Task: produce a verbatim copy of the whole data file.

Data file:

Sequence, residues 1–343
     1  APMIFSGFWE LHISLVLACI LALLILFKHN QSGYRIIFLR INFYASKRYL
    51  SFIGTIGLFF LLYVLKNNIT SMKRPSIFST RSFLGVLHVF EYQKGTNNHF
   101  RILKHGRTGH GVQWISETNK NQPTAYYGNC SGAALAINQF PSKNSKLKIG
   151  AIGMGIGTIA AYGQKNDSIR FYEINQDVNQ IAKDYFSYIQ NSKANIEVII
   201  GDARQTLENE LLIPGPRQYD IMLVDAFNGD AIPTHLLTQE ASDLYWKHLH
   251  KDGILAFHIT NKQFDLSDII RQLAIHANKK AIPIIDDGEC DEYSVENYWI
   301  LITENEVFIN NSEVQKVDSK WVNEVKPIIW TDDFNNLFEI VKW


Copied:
Sequence, residues 1–343
     1  APMIFSGFWE LHISLVLACI LALLILFKHN QSGYRIIFLR INFYASKRYL
    51  SFIGTIGLFF LLYVLKNNIT SMKRPSIFST RSFLGVLHVF EYQKGTNNHF
   101  RILKHGRTGH GVQWISETNK NQPTAYYGNC SGAALAINQF PSKNSKLKIG
   151  AIGMGIGTIA AYGQKNDSIR FYEINQDVNQ IAKDYFSYIQ NSKANIEVII
   201  GDARQTLENE LLIPGPRQYD IMLVDAFNGD AIPTHLLTQE ASDLYWKHLH
   251  KDGILAFHIT NKQFDLSDII RQLAIHANKK AIPIIDDGEC DEYSVENYWI
   301  LITENEVFIN NSEVQKVDSK WVNEVKPIIW TDDFNNLFEI VKW